Mount Roraima also was known as Tepuy Roraima and Cerro Roraima; Portuguese: Monte Roraima is the highest of the Pakaraima chain of tepui plateaus in South America. First described by the English explorer Sir Walter Raleigh during his expedition in 1595, its 31 km2 summit area is bounded on all sides by cliffs rising 400 metres. The mountain also serves as the triple border point of Venezuela, Guyana and Brazil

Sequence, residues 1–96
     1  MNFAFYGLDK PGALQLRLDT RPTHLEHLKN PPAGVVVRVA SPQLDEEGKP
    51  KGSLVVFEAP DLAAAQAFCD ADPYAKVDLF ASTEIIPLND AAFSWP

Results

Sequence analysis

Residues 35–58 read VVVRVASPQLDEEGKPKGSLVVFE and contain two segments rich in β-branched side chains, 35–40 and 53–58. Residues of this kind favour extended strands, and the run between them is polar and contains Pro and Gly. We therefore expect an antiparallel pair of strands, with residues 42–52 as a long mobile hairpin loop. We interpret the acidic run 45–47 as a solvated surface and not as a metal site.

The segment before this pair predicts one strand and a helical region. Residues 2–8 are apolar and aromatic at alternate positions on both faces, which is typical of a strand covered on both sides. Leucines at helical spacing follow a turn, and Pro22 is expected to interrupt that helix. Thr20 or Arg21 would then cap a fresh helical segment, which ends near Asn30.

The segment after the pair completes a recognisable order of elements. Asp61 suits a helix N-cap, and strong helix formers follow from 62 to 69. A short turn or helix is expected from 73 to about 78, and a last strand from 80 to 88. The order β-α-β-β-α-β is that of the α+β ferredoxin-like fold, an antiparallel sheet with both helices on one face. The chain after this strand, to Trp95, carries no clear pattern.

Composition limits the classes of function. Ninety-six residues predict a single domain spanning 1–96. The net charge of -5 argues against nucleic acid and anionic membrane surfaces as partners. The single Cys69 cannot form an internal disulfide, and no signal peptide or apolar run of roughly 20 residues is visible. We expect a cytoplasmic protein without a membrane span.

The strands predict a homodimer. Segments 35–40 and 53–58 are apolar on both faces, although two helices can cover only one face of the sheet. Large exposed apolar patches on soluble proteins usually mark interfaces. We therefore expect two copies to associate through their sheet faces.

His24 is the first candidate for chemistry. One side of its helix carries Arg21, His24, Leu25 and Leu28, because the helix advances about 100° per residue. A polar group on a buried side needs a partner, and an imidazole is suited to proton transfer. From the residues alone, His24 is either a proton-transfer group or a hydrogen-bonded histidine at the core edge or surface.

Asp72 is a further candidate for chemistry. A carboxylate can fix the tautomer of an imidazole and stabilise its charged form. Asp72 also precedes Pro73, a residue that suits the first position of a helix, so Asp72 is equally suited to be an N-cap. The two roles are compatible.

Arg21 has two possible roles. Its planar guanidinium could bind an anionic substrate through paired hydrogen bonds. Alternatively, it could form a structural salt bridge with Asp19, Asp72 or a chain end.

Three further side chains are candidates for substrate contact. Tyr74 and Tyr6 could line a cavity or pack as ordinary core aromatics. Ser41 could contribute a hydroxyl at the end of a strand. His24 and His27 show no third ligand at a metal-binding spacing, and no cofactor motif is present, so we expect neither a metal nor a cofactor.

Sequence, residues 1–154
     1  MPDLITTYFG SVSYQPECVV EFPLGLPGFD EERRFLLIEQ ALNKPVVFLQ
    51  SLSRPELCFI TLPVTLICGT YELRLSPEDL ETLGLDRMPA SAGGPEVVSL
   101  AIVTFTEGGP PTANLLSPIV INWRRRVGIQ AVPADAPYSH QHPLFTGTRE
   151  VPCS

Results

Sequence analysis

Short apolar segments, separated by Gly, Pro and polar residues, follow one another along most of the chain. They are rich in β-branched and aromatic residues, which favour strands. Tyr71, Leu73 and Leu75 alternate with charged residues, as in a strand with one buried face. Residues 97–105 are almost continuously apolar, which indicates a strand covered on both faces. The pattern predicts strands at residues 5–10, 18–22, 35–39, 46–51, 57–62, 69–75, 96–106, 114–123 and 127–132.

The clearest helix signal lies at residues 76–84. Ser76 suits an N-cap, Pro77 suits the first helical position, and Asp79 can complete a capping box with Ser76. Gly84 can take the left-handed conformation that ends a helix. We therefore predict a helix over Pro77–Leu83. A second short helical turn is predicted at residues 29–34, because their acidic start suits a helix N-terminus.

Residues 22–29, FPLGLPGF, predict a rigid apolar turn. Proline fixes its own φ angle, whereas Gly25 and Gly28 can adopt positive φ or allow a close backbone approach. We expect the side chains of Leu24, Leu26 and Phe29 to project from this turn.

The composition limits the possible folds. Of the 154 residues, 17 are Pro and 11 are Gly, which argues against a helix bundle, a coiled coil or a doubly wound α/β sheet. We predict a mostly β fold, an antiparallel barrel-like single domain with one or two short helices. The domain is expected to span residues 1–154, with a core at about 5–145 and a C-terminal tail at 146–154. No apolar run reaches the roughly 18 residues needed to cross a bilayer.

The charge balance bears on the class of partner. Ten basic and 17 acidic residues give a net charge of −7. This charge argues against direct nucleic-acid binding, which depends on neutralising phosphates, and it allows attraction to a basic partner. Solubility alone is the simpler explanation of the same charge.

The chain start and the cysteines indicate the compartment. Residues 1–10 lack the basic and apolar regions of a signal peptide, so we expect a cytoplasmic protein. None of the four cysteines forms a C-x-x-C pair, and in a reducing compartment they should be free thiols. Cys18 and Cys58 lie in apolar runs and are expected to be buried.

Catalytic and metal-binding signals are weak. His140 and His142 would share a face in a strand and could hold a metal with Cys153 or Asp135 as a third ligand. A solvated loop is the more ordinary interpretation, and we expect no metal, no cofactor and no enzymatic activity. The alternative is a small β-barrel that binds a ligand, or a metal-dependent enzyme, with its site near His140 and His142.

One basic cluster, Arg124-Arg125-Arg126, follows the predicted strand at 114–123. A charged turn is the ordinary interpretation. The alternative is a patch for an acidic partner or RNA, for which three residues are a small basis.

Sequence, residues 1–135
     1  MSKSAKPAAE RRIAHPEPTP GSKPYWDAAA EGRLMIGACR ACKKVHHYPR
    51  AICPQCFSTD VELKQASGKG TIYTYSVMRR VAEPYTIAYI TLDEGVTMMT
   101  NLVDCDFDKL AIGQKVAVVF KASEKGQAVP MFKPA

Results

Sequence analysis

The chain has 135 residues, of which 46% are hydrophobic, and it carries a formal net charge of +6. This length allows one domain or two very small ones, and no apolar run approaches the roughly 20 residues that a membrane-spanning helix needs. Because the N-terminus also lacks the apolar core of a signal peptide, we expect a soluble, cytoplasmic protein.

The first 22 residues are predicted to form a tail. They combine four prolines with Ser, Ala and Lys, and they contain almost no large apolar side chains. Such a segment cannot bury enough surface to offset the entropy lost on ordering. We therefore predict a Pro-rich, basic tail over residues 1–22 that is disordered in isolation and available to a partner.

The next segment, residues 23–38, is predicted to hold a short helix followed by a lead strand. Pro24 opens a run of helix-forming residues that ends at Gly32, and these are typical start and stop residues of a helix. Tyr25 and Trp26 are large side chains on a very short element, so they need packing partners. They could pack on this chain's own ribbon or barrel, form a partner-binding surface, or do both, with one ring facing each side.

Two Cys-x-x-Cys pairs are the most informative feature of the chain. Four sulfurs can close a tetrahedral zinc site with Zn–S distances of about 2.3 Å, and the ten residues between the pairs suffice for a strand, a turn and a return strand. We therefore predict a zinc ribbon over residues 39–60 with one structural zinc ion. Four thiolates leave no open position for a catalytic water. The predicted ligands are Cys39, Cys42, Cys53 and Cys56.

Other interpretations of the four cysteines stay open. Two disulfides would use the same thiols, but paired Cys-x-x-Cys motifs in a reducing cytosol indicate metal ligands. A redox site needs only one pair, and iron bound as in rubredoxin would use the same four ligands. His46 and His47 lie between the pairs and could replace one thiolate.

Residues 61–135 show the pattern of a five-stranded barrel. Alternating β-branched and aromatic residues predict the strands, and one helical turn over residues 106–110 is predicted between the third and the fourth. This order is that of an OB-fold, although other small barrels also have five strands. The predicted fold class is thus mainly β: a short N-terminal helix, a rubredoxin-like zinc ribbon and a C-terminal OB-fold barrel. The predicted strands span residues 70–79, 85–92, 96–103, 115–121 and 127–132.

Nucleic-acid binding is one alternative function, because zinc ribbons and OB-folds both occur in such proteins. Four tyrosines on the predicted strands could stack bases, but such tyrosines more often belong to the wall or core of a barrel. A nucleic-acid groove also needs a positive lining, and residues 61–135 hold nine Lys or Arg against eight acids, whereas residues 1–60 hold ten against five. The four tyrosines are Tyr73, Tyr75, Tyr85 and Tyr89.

Mount Roraima lies on the Guiana Shield in the southeastern corner of Venezuela’s 30,000-square-kilometre Canaima National Park forming the highest peak of Guyana’s Highland Range. The tabletop mountains of the park are considered some of the oldest geological formations on Earth, dating back to some two billion years ago in the Precambrian.